Welcome to European Tribune. It's gone a bit quiet around here these days, but it's still going.
Excellent overview, thanks! (I took the liberty to fix a few grammatical etc. slips above the fold.)

What is there to add? Perhaps a few bonus points on the main players:

Isaias Afwerki, President of Eritrea, is one of the biggest scumbag rulers in Africa: a bit like Saddam Hussein, but not quite as civilized and tender. He does, however, run a more efficient and non-corrupt government than anyone else in the region.

Ethiopia's Prime Minister Meles Zenawi, while not as brutal, is no Olof Palme either. He was Afwerki's ally in the struggle against the Mengistu regime, but they never got along on a personal basis, which is probably a factor as well. His idea of government is to oppress and exploit the dirt-poor rural population in keeping with Ethiopia's old traditions of centralized rule.

There may well be a new war between these scumbags over some worthless piece of arid land, like the one from 1998 to 2000 which featured WW2-scale set battles and claimed upwards of 70,000 lives while the world looked elsewhere.

Somalia's sharia courts and their associated militia have, as you say, capitalized on the frustration with the cruelty and greed of clan-based warlords -- just like the Taliban gained power in Afghanistan to protect the population from abuse by even more thuggish clan-based warlords (and is now doing so again). They represent a Salafist movement, i.e. a revivalism that seeks to bypass traditional fiqh (jurisprudence) and engage directly with primary sources (the Qur'an and Sunna) to extract the Shari'a. This is potentially a recipe for disorder in the long run as rival factions emerge, not being united by any of the four canonical law schools. But outer pressure, of which there will be  plenty for the overseeable future, may serve to keep them united.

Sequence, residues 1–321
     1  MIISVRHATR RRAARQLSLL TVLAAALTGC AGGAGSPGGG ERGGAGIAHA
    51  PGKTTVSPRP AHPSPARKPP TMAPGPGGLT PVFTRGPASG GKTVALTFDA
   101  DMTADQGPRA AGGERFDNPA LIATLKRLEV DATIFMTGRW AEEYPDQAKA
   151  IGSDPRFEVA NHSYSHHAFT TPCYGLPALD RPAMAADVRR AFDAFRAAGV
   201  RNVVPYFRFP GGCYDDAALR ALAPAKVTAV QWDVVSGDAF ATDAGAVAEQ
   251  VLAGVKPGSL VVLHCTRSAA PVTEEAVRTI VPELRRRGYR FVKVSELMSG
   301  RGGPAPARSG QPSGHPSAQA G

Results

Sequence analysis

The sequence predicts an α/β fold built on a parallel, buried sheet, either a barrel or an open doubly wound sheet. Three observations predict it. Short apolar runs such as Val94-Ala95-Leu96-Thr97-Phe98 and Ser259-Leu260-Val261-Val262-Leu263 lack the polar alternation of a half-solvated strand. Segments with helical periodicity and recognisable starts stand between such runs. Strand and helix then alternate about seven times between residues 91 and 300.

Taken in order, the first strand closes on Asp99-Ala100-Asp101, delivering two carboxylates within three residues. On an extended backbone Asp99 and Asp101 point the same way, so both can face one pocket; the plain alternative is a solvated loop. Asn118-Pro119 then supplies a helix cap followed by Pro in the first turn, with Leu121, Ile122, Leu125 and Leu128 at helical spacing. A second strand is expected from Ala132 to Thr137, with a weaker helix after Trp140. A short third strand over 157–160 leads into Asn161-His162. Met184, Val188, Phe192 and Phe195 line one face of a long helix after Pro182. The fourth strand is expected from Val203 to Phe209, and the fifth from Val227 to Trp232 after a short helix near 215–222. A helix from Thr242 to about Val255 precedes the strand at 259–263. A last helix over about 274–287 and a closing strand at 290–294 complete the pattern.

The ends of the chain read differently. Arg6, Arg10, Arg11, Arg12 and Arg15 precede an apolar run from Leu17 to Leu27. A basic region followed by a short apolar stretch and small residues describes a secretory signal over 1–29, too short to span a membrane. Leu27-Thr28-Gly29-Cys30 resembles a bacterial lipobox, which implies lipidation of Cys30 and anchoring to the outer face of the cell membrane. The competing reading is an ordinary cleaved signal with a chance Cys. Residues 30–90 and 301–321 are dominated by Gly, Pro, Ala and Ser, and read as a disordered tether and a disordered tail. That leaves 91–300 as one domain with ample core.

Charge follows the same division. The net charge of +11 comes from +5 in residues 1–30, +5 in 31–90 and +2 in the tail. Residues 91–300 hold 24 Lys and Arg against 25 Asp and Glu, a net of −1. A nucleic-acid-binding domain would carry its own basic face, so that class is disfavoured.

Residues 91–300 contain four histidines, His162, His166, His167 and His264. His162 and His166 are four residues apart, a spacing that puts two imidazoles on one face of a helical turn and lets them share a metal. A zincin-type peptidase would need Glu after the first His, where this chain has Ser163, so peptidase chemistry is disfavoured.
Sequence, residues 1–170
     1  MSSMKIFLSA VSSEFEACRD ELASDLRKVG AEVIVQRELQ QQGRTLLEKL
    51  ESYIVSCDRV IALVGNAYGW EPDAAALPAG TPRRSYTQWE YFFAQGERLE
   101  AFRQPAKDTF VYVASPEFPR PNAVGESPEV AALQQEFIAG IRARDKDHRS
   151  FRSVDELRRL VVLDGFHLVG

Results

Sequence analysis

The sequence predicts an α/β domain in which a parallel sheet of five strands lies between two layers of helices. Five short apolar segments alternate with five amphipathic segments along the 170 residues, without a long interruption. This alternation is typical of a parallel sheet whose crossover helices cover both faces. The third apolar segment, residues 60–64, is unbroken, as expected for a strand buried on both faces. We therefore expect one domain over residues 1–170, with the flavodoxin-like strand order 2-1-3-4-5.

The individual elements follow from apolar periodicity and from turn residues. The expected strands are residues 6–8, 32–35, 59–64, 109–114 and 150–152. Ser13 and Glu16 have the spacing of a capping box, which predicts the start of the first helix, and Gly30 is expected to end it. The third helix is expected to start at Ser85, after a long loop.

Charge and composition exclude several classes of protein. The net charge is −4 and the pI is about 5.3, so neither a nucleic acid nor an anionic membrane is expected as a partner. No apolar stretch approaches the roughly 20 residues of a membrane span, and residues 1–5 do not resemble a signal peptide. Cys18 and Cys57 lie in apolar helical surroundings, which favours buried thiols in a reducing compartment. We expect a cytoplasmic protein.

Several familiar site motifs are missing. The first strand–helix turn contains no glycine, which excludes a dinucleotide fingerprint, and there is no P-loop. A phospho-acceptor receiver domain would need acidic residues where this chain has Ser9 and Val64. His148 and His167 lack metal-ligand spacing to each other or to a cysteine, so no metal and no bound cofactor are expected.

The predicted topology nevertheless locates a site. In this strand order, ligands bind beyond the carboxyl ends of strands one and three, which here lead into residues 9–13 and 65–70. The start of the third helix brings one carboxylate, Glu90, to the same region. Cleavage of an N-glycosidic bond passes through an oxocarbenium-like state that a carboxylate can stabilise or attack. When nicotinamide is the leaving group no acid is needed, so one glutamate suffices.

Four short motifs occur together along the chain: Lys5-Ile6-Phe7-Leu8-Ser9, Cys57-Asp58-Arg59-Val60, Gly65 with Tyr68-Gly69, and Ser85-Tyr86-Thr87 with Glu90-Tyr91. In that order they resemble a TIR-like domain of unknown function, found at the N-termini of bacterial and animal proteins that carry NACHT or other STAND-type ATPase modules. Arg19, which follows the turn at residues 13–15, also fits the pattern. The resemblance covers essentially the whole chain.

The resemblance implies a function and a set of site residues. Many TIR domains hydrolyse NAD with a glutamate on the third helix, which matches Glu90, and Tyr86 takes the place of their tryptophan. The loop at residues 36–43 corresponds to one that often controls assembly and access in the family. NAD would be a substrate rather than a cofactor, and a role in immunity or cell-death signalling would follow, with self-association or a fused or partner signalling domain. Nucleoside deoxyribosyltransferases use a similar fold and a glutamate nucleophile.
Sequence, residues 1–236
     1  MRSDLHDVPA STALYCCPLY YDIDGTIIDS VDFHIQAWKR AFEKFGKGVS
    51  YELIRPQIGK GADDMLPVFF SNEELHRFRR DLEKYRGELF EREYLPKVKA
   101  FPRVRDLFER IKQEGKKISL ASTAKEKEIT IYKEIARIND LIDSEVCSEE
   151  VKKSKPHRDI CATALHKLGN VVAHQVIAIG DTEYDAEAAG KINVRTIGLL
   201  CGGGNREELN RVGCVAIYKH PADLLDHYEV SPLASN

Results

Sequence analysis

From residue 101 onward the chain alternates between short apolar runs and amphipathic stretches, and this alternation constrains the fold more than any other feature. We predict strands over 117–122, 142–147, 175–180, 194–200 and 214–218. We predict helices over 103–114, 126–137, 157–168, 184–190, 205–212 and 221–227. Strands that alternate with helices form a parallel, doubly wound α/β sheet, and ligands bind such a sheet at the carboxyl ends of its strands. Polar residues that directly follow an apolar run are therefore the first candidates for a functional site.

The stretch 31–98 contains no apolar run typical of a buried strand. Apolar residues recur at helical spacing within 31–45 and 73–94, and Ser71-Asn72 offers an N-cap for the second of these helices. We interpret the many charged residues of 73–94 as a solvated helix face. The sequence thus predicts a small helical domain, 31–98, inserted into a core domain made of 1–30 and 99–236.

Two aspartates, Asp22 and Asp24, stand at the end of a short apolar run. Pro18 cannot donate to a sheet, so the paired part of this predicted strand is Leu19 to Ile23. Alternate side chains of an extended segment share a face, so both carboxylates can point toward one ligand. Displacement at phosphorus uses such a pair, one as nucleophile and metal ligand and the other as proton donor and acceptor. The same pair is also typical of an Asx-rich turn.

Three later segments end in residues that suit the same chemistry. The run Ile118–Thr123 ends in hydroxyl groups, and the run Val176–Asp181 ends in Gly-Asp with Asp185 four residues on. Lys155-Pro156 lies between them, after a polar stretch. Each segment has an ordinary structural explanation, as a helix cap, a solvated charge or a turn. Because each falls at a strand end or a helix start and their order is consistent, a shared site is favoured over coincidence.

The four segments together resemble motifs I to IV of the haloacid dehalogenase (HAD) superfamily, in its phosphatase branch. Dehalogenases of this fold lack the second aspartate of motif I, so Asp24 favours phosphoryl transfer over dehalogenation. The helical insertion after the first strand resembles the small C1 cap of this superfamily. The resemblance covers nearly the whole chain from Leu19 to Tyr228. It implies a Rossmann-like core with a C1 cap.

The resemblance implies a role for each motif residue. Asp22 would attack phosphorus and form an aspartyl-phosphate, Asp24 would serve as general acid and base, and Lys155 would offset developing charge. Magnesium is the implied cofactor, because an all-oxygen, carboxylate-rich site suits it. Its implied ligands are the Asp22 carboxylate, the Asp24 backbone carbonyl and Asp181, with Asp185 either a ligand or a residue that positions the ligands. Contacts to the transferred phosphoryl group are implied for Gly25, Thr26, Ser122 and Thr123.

The CIA tried to arm and bankroll the secular warlords, including the son of Adin (the man who took the Black Hawk down) in a desperate bid to stem the Islamist tide. Of course, all that accomplished was to blacken the names of said warlords even further, which is quite an achievement.

Prognosis for the region: bad.

The world's northernmost desert wind.

by Sirocco (sirocco2005ATgmail.com) on Fri Jul 21st, 2006 at 11:12:09 AM EST
And though I don't know exactly all the reasons, isn't Ethiopia under UN sanctions now?

Such a strange and unsettled time...

"Once in awhile we get shown the light, in the strangest of places, if we look at it right" - Hunter/Garcia

by whataboutbob on Fri Jul 21st, 2006 at 11:25:04 AM EST
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